FIG. 1C is a cross-sectional schematic side view of the substrate of FIG. 1B, showing a porous capping layer being deposited over the ion implanted regions to form an intermediate product;

FIG. 1D is a cross-sectional schematic side view of the substrate of FIG. 1C showing annealing of the ion implanted regions and the capping layer being vaporized in the annealing process;

FIG. 1E is a cross-sectional schematic side view of the substrate of FIG. 1D after the capping layer has been vaporized from the ion implanted regions;

FIG. 2 is a flowchart of the ion implantation, capping, and vaporization processes;

FIG. 3 is a cross-sectional schematic view of an integrated circuit comprising PMOS and NMOS transistors; and

FIG. 4 is a cross-sectional schematic side view of an apparatus suitable for practicing the ion implantation and capping processes.

DESCRIPTION

In a process for fabricating a substrate 40 for semiconductor, solar panel, LED and other applications, a plurality of ion implanted regions 44 a,b are formed on the substrate as shown in FIGS. 1A and 1B. The substrate 40 may be a material such as, for example, any one or more of silicon oxide, silicon carbide, crystalline silicon, strained silicon, silicon germanium, doped or undoped polysilicon, doped or undoped silicon wafers, doped silicon, germanium, gallium arsenide, gallium nitride, glass, sapphire and quartz. The substrate 40 can have different dimensions, for example, the substrate 40 can be a circular wafer having a diameter of 200 mm or 300 mm, or a rectangular or square panel.

The ions 45 implanted in the ion implantation regions 44 a,b depend upon the application of the substrate 40. For example, the ion implantation regions 44 a,b can be used to form gate and/or source drain structures of a transistor of an integrated circuit chip by implanting n-type and p-type dopants into a substrate 40 comprising a silicon wafer. Suitable ions 45 that form n-type dopants when implanted in silicon include, for example, at least one of phosphorous, arsenic, antimony and combinations thereof. Suitable ions 45 that form p-type dopants include, for example, at least one of boron, aluminum, gallium, thallium, indium, silicon and combinations thereof. Thus, when a p-type conductivity dopant such as boron is implanted into silicon in an ion implantation region 44 a,b, which is adjacent to another ion implantation region (not shown) which has been previously doped with an n-type dopant such as arsenic or phosphorous, then a p-n junction is formed along the boundary between the two regions. The ions can be implanted to a selected dosage level of, for example, a dosage of from 1×1014 atoms/cm3 to 1×1017 atoms/cm3.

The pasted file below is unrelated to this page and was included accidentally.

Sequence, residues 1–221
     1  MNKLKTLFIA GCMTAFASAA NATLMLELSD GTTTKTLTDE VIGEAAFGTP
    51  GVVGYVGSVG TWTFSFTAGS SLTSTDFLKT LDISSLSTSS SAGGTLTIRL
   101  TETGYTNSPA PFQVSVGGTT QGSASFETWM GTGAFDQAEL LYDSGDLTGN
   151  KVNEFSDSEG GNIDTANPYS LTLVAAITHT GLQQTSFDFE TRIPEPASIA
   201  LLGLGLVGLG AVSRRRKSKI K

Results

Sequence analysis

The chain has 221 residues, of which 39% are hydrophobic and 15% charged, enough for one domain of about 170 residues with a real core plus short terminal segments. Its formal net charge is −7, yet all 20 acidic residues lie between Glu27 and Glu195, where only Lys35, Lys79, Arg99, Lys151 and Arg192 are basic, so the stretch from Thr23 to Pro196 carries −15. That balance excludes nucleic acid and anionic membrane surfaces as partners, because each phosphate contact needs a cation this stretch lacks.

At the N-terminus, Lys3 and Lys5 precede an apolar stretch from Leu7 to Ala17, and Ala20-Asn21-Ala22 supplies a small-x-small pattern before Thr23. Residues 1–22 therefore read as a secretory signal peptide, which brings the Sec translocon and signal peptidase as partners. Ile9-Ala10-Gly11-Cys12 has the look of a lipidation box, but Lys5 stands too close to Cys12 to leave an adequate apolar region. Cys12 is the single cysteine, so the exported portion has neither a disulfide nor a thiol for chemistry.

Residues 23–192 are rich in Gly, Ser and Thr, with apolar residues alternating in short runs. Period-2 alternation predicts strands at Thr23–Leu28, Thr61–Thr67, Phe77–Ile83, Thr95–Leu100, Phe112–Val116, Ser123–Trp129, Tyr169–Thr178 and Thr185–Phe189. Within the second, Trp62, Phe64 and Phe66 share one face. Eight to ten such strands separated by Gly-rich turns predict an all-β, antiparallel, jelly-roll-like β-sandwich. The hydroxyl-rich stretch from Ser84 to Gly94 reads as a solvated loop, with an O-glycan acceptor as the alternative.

In the implantation process, the substrate 40 is placed in a process zone 46 and the substrate temperature is maintained at between about 25° C. and about 400° C. A process gas is introduced into the process zone 46 to provide the ion source species to be implanted. The process gas can also include a volatile species such as fluorine and/or hydrogen. For example, the process gas can include ion implantation gases comprising the fluorides and/or hydrides of arsenic, boron, phosphorous, etc. The ion implantation gas can include, for example, AsF3, AsH3, B2H6, BF3, SiH4, SiF4, PH3, AsF5, P2H5, PO3, PF3, PF5 and CF4. The fluoride and the hydride of a particular gas can also be combined, for example, BF3+B2H6, PH3+PF3, AsF3+AsH3, SiF4+SiH4, or GeF4+GeH4. In one embodiment, the ion implantation gas can have a flow rate of between about 2 sccm and about 1000 sccm.

The process gas can further include an inert or nonreactive gas, such as N2, Ar, He, Xe, and Kr. The inert or nonreactive gas promotes the ion bombardment to increase process gas collisions and reduce recombination of ion species. The flow rate of the inert or non-reactive gas can be from about 10 sccm to about 1200 sccm.

The process gas can further include a nitrogen-containing gas to assist the formation of the volatile byproducts which are more readily pumped out of the processing chamber. The nitrogen containing gas may include NO, NO2, NH3, N2, N2O and mixtures thereof. The nitrogen-containing gas can be supplied at a flow rate of from about 10 sccm to about 500 sccm.